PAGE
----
The severe, real-world casualties of Trump's EPA budget cuts

Elgie Holstein

The Trump White House is proposing to decimate funding for federal environmental protection programs – including safeguards for some of our most vulnerable citizens – crippling the agency charged with keeping America’s air and water safe.

The federal budget, normally a snoozer with thousands of pages full of tiny print and numbers, is suddenly a lightning rod for policymakers and citizens who are waking up to what’s at stake.

The Trump administration wants to hobble the U.S. Environmental Protection Agency, leaving only, as the president put it, “little tidbits.” The specifics, contained in internal documents that leaked this week, are startling.

Climate change programs - gone

First, the budget stops all work on President Obama’s landmark Clean Power Plan, which would impose the first-ever limits on carbon emissions from old, coal-fired power plants.

All funding is also stripped for collection of methane emissions data from the oil and gas industry, despite the harm methane does as a highly potent greenhouse gas.

For good measure, the Trump budget plan would then eliminate the EPA’s Global Climate Change Research Program, created in 1990 to coordinate climate research by 13 federal organizations.

On EPA Administrator Scott Pruitt’s watch, the president wants to cut the agency’s $8 billion budget by an unprecedented 25 percent and slash its 15,000-member workforce by 20 percent. This at an agency that already operates with one of the smallest budgets in the federal government after facing a series of cuts since 2011.

Funding for toxic cleanup – gone

Hundreds of thousands of sites in cities and towns nationwide are polluted by industrial waste containing dangerous chemicals and radioactive waste. The president’s budget proposal would eliminate cleanup funding for communities that count on federal funding to restore such land for redevelopment and new jobs, and to keep their citizens safe.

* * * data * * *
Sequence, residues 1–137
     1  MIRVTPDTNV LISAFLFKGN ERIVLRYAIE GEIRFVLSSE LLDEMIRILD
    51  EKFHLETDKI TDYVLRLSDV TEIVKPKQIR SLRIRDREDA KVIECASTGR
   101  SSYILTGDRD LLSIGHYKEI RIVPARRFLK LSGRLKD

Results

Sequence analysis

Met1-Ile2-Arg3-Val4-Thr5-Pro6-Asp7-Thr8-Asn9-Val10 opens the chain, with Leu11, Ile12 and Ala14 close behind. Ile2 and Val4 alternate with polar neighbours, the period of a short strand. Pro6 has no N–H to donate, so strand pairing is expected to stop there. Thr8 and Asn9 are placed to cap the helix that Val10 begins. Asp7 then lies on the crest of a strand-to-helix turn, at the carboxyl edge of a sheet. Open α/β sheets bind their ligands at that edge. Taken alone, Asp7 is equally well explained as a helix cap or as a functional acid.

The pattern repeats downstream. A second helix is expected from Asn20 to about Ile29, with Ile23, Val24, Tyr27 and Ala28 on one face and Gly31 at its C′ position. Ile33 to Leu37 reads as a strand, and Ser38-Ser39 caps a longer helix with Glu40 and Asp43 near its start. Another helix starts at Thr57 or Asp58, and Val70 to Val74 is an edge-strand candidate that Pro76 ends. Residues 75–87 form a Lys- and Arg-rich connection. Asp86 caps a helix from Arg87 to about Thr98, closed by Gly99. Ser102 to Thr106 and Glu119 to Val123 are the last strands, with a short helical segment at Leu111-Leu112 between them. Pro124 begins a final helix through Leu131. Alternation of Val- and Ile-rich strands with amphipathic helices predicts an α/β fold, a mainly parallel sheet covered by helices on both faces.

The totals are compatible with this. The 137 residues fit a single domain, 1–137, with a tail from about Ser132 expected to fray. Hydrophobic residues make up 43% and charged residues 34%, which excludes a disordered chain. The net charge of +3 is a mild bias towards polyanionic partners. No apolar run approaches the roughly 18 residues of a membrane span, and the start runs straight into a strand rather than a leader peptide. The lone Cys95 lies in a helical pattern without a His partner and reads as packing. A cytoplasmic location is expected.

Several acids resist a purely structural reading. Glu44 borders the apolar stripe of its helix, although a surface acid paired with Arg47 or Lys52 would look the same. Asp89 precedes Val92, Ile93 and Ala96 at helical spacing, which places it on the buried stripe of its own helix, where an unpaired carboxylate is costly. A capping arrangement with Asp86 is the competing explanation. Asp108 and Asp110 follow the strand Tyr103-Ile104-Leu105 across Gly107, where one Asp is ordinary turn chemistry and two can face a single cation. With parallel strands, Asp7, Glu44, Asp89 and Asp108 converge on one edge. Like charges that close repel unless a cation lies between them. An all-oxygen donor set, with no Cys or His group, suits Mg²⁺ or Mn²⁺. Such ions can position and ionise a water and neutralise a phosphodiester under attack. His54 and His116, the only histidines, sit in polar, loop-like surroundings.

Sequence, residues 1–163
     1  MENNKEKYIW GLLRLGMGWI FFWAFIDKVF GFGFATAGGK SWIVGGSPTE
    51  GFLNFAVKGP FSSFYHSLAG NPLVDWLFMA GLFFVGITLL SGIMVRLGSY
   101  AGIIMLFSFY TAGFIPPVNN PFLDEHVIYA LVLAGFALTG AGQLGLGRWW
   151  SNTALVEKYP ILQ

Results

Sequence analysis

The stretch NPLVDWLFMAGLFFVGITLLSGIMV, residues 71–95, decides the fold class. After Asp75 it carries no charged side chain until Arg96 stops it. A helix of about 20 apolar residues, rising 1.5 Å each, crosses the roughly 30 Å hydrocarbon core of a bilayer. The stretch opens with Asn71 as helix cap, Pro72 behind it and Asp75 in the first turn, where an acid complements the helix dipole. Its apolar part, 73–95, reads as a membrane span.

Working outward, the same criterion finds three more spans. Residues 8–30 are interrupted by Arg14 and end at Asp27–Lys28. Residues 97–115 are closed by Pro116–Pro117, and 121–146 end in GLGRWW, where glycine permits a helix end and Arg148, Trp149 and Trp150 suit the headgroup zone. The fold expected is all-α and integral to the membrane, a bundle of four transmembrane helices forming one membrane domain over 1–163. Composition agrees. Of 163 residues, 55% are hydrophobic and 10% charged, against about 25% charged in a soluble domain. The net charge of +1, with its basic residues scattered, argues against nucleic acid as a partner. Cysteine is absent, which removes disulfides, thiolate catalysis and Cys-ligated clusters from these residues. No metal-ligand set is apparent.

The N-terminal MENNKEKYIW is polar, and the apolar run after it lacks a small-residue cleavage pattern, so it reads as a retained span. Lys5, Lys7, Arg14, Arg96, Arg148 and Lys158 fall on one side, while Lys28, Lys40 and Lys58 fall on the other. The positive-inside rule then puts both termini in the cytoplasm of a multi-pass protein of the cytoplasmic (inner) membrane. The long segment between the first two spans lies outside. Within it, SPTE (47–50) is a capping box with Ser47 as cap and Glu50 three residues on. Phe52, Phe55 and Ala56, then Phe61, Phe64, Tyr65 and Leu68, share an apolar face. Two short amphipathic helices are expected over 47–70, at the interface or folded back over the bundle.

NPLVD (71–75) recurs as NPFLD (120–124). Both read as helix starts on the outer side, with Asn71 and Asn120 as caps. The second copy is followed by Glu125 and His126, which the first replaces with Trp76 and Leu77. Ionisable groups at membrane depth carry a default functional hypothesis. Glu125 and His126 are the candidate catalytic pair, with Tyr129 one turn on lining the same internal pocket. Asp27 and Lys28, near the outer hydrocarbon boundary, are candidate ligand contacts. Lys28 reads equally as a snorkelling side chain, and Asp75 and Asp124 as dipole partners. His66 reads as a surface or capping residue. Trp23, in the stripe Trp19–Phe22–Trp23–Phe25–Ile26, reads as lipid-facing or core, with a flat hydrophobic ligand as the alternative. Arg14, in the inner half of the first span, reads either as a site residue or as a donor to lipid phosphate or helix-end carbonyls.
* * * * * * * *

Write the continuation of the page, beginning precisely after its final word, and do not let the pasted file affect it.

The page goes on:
The president also wants to make deep cuts in EPA’s long-running program that provides funding for local air monitoring – work that lets families and schools know when high pollution levels are dangerous for kids with asthma and for senior citizens. 

And as the Flint water crisis continues to make national news, he would take the budget ax to EPA’s essential work in providing funding for local wastewater treatment facilities, and for infrastructure and testing to assure safe drinking water for communities.

Support for vulnerable Americans - gone

President Trump, who has said that all children deserve equal opportunity, apparently sees no need to help communities most vulnerable to pollution and our changing climate. So far, the following have also been eliminated from his EPA budget:

  • Support for Alaska native villages that are sinking because of climate change
  • Diesel emissions reduction program
  • Environmental education
  • Environmental justice grants and grants to small minority businesses
  • Protection of the iconic waters of Lake Champlain, Long Island Sound, San Francisco Bay and South Florida
  • Grants to states to combat indoor radon

An assault of this scale on the nation’s premier environmental watchdog would be disastrous.

We will know a couple of weeks from now, when the president submits his final budget to Congress, just how extensive the attack on the EPA will be. But what we know so far gives us no illusions.

President Trump is not looking out for Americans or for the environment of our great country.

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